It’s been a long time since I’ve heard a band make this brand of rock music sound enjoyable but Life of Agony, ironically, do it perfectly. 8/10

Tone E

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Chris Smither - Honeysuckle Dog (Forever Heavenly) 10/10/2005

Described as "a georgeous lost treasure" this album has been re-issued courtesy of Heavenly's Jeff Barrett and was originally first available in 1973. For an album that is almost as old as I, this one works quite nicely 32 years later. Rich in country soul and featuring some great guitar playing, this album reminds of the music people might recognise from films that starred Burt Reynolds, all denim shirts and cowboy boots, but the guitar playing is the element that will immediately attract listeners attention, with great slide used to bolster Smither's hobo vocals, I just love the lyric; "...got my pockets full of spare-time...", heard on "It Ain't Easy".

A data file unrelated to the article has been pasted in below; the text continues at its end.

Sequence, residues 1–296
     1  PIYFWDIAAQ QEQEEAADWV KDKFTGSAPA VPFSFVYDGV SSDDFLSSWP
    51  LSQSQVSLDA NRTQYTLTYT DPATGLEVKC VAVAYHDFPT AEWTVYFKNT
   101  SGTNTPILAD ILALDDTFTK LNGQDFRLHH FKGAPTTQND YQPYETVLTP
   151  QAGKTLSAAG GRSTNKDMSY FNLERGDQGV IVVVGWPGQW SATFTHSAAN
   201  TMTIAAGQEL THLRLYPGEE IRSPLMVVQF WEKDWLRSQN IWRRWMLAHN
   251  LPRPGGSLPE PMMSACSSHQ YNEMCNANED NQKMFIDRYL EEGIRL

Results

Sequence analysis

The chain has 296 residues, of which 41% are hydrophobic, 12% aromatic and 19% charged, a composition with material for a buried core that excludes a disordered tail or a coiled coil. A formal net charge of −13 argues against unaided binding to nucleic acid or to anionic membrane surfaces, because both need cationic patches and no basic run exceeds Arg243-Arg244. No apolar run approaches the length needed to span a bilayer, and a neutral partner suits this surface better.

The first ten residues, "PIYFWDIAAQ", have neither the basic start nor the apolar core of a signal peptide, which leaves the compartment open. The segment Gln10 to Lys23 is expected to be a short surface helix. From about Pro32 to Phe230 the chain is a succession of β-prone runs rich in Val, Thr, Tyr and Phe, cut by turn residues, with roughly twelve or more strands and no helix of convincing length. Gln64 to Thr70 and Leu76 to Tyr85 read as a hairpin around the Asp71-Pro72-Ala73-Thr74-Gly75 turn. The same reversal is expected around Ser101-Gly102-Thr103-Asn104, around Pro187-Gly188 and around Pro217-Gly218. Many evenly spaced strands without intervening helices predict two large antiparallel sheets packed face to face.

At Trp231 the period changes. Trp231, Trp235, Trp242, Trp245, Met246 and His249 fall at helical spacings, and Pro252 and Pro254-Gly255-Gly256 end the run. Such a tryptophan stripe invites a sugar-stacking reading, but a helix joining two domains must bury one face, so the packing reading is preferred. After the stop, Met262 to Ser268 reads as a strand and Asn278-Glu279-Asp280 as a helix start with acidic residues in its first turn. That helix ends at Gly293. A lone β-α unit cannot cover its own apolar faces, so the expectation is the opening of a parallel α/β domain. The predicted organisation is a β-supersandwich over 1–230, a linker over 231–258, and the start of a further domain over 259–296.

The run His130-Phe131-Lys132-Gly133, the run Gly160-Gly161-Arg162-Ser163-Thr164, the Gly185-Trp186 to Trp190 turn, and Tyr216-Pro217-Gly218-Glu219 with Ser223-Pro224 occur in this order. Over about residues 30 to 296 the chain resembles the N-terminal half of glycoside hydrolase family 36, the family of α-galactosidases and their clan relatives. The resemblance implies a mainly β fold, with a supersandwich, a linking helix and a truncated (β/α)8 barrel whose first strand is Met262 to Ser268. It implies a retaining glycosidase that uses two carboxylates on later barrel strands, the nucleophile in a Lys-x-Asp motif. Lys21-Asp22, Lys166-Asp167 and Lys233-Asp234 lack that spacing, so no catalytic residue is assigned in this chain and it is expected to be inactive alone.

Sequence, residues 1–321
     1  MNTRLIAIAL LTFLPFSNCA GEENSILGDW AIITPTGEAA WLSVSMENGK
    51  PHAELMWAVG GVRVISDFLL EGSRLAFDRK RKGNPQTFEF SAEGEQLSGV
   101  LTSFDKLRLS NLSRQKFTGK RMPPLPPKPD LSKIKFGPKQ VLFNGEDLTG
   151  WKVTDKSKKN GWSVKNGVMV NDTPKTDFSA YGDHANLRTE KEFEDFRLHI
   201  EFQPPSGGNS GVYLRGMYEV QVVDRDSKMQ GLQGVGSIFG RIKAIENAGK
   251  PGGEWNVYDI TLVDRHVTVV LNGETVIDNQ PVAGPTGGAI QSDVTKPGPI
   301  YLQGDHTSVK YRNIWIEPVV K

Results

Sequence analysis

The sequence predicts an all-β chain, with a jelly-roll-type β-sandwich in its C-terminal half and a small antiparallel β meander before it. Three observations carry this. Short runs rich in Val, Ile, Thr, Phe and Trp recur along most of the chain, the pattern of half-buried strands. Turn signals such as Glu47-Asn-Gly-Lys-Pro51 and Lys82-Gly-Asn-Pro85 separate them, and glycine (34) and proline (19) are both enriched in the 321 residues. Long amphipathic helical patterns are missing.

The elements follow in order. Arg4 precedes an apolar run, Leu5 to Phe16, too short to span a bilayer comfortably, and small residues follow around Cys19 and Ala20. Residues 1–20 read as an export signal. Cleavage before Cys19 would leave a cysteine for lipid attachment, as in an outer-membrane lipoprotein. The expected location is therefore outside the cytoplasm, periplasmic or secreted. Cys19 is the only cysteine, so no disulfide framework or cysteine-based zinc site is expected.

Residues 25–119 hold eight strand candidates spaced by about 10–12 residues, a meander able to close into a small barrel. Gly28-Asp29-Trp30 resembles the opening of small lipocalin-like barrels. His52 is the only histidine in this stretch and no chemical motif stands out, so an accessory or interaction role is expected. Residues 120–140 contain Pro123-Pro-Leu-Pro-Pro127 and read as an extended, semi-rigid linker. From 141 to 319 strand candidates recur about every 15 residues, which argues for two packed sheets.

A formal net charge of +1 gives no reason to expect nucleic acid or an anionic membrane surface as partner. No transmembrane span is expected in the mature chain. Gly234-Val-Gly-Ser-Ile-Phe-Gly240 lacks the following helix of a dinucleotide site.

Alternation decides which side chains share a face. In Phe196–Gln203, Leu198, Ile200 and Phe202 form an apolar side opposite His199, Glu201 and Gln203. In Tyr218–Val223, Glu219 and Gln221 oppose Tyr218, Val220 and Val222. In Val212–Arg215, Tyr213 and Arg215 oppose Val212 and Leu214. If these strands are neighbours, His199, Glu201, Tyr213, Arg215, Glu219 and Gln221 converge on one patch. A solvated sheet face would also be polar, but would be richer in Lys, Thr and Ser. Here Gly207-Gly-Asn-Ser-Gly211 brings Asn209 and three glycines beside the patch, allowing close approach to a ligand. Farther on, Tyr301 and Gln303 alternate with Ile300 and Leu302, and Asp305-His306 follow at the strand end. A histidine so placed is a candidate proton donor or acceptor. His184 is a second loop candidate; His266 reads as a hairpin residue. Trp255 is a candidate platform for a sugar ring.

His third longplayer, this proceeded releases from 1970 ("I'm A Stranger Too) and 1971 ("Don't Drag It On"). The artist is still active touring to this day. So if you're feeling curious and maybe a fan of the likes of Tim Buckley, Gene Clark and Tim Hardin, then this unearthed gem may just be your ticket to a wider musical appreciation and you might just find the roots for some of today's sampling. 7/10

Nick James

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Sevendust – Next (Winedark) 10/10/2005